The "diet can cure autism" claims by many nutritionists and naturopathic doctors didn't slow down after Harvard Mental Health Letter publication, that talks about the factors that may be causing autism and the potential danger behind the so called “autism diets.”
The publication states that,
"Researchers have long disagreed about whether gastrointestinal problems may underlie some symptoms of autism spectrum disorders. This has not stopped some researchers and celebrities from promoting theories and special "autism diets" with no scientific support."
Children with Autism Spectrum Disorders (ASD) are known for poor emotional intelligence skills, they have real difficulty reading facial expressions and behaving according to expected social patterns. Autistic children also often have a set of ritualistic or repetitive behavior patterns: they may tap, band their head or pick compulsively at times, spend hours playing with watches, or be fascinated by texture patterns. An autistic child will also tend to be significantly more sensitive (to touch, light, sound, etc.) than his neuro-typical peers. Temper tantrums are usually very common with a child suffering from ASD’s, and meal time can be a very tense time for the families.
This is where the autism diet comes into play. Once an already picky child’s diet is restricted in the name of going casein and gluten free a nutritional issue may arise. For one, constipation could be induced. The child may also see symptoms like a leaky gut, stomach pain, reflux and bloating just to name some.
The authors of Harvard Mental Health Letter publication, quote research study by Jennifer Harrison Elder, a Professor at the University of Florida, who examined 15 autistic children for 12 weeks. The results showed that the casein and gluten free diets had no effect on the symptoms or the child’s condition. The paper " Review of The gluten-free, casein-free diet in autism: Results of a preliminary double blind clinical trial" describing results of this study was published in the Journal of Autism and Developmental Disorders in 2006.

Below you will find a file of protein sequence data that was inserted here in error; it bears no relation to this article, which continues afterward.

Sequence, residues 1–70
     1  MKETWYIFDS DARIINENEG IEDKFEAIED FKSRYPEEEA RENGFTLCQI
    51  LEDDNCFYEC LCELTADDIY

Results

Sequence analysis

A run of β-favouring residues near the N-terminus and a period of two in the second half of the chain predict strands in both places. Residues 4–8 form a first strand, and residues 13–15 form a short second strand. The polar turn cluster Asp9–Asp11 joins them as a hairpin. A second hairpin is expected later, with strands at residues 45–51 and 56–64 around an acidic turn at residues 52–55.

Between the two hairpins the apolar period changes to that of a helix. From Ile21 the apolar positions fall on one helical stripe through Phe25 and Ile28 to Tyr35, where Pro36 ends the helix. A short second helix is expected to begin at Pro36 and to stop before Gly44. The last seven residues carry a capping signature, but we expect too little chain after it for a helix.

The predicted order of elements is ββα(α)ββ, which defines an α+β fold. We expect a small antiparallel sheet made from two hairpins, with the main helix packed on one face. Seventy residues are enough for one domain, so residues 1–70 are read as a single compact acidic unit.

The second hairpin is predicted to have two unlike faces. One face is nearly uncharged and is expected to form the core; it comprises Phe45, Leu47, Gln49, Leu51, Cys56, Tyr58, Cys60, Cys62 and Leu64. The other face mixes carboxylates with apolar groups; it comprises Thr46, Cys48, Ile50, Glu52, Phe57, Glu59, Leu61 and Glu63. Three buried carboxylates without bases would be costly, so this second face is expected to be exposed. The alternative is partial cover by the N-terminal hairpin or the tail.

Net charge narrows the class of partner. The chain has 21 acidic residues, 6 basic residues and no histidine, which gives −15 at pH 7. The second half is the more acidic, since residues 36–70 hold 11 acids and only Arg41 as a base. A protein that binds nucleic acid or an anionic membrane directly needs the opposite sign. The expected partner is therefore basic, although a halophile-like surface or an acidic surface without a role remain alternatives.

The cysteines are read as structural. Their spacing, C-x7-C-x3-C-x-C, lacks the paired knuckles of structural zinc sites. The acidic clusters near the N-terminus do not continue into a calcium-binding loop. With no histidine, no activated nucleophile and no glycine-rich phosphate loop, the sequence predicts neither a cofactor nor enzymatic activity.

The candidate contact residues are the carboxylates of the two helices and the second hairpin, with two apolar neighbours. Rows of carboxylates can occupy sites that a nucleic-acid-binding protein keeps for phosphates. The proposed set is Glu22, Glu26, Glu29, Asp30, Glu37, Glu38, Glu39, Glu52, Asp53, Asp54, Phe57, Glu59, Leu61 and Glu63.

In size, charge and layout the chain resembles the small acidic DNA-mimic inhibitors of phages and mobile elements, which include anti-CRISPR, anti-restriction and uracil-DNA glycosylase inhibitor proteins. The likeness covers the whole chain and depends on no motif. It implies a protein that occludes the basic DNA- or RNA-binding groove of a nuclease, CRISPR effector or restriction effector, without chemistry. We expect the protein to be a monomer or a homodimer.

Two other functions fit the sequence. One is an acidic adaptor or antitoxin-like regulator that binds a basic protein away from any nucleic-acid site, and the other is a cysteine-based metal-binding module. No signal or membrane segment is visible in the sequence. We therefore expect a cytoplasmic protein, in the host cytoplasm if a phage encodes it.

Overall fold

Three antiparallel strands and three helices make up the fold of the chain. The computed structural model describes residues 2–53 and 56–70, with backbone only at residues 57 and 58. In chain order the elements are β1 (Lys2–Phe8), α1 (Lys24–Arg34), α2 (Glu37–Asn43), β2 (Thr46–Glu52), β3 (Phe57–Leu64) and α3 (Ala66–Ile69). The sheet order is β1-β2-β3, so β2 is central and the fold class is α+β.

Autism still has no universal theory on its cause or origin. Some professionals say it is a problem with brain development while others argue that it could be a set of disorders much like phenylketonuria. Some have even suggested that autism arises from developmental problems and “irregularities due to inflammation.” Just as these are all only theories, so is the gluten and casein free autism diet and its ability to resolve an autistic child’s condition.
Unfortunately, few clinical trials into the investigation and support of the autism diets are poor at best. However, new evidence does suggest that genetics is the main cause of the autistic children’s leaky guts (or autistic enterocolitis).
There are still quite a few big names pushing the gluten and casein free diet. They firmly believe that the exorphins that are found in these ingredients are ultimately harmful. To support their position, proponents of autism diets, use a well known fact that children with autism spectrum disorders have more gastrointestinal issues than neuro-typical children.
The opponents state that, the "autism diets" have been around for a substantial amount of time now, and the autism rates have only grown in the western world. Statistical data published in 2009 by the Journal of the American Medical Association shows 57% increase in children suffering from ASD over the 4 year period between 2002 and 2006 and 600% increase over the past 20 years.
While, there may not be as much of a connection between casein, gluten and autism as first suspected, though that is not saying some link does not exist. The new joint study by a group of Danish and Norwegian psychologists and nutritionists was published in Nutritional Neuroscience in April 2010 and examined 72 Danish children with ASD for over 8 months. The results may hold possible evidence that the diet actually helped a subset of autistic children.
The results were quoted as follows; "Introducing a gluten-free, casein-free diet had a significant beneficial group effect at 8, 12, and 24 months of intervention on core autistic and related behaviors…"
Improvements start slowly and plateau over time. While more research is needed, this Danish study provides evidence that some autistic children will benefit from the autism diet even though that is not the core issue or the original cause of the autism or its symptoms.
Few people deny the fact is autism is more than just a brain development issue, so we have a lot to learn about the illness before real treatment can be found.